While it seems that Google is taking much of the public ire on the Right to be Forgotten issue, it should be noted that Microsoft has also been co-opted into providing RTBF services as well. In participating in the RTBF effort, Microsoft has recently inducted its Bing services to include use of location based signals to delist the URLs in question.
According to the Bing team:
Bing has expanded the scope of our Right to be Forgotten (RTBF) filtering in Europe. In the past, when Bing accepted an RTBF request, the URL would be delisted from all applicable European versions of Bing (such as Bing.fr, Bing.de, Bing.co.uk) for searches of the requestor’s name. “
However, with today’s update, the process going forward will see Microsoft using identifiers such as IP addresses to help its delisting efforts on all versions of Bing, including Bing.com and Bing services, in European countries where the removal request first originated.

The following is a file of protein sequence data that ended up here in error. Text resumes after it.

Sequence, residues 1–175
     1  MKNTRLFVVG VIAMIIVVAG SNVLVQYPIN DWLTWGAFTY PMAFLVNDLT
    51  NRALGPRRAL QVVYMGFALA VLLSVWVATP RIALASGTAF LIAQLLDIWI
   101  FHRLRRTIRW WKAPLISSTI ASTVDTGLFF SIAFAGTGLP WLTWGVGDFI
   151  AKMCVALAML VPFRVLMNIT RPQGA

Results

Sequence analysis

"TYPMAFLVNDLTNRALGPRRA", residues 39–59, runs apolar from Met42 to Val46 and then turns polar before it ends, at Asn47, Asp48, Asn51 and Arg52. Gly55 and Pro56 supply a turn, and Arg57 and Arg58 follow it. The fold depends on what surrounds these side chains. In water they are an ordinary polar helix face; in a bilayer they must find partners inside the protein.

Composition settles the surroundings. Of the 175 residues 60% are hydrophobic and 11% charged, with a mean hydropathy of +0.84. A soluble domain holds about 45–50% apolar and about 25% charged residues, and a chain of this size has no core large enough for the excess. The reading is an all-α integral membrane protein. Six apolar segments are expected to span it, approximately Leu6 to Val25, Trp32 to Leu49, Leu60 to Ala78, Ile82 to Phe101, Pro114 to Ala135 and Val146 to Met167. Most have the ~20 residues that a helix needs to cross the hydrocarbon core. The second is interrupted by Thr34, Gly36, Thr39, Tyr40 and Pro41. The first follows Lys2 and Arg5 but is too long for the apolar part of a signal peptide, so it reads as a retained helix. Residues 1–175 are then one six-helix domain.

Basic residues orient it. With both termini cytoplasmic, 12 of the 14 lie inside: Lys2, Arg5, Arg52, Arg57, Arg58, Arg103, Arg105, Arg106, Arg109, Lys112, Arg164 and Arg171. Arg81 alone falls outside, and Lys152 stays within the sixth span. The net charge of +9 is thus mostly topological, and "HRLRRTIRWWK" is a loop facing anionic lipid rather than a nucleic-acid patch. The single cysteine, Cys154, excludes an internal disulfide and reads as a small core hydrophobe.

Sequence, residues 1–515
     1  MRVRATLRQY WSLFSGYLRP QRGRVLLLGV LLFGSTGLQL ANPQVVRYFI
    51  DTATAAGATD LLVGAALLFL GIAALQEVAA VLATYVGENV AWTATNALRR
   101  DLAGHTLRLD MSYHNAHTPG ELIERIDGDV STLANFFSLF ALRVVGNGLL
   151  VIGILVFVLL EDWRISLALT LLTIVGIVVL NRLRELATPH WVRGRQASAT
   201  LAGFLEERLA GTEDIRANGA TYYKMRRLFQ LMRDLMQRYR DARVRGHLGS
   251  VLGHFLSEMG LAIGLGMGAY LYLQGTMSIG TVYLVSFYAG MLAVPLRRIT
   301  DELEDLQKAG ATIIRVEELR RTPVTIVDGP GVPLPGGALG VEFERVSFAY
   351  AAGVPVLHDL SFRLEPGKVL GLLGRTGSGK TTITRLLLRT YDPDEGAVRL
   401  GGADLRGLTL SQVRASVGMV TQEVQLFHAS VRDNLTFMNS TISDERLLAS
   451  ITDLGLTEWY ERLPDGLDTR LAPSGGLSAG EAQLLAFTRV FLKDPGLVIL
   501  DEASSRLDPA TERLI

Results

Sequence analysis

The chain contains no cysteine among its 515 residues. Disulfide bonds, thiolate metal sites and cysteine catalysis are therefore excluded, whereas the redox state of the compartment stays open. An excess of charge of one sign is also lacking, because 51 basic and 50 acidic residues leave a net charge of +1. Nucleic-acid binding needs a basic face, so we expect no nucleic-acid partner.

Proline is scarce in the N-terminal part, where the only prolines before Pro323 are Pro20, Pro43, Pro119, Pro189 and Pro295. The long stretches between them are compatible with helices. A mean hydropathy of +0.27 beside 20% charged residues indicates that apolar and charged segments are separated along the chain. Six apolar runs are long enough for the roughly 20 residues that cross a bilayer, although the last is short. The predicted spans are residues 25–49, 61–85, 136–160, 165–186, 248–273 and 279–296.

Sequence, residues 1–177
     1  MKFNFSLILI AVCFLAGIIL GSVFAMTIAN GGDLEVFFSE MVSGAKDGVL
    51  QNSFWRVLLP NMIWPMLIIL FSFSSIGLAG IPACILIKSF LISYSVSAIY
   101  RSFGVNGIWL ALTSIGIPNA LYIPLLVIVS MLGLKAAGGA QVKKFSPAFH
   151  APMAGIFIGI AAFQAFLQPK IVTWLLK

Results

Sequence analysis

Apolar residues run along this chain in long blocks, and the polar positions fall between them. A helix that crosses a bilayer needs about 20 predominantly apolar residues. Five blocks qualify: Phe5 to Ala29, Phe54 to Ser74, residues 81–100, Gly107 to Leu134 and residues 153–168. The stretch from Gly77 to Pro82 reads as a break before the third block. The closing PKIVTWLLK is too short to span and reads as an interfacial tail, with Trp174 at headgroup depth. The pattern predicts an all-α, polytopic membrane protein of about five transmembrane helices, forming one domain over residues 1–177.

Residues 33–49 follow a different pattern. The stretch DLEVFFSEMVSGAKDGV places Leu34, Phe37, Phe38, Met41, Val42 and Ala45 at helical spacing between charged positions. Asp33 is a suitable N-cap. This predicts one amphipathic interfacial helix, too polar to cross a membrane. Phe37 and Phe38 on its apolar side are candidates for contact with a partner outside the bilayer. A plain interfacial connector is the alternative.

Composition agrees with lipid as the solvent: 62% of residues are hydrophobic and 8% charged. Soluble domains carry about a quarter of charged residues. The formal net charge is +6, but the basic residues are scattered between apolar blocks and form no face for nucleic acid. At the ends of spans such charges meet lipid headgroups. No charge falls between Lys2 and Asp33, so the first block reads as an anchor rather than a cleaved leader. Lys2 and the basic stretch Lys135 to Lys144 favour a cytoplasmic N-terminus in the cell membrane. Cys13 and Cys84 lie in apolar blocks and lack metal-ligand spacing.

If someone in France successfully requests delisting of a URL on Bing, in addition to delisting that URL from all applicable European versions of Bing, Bing will now also delist that URL for all searches of that person’s name—regardless of what version of Bing is being used—if the search originates from a location within France.”
The changes are rolling out currently and are planned to be applied to all valid European RTBF’s soon. The move also retroactively includes prior removal request, meaning alerts submitted before the change will not benefit from Bing’s new location based delisting identifiers.
While the Right to be Forgotten remains a controversial debate of internet tampering versus privacy, Microsoft appears set to comply with user requests for the time being. Let us know in the comments what you think about Microsoft’s Right to be Forgotten performance.Further reading: Bing, Europe, IP, Microsoft, privacy, Search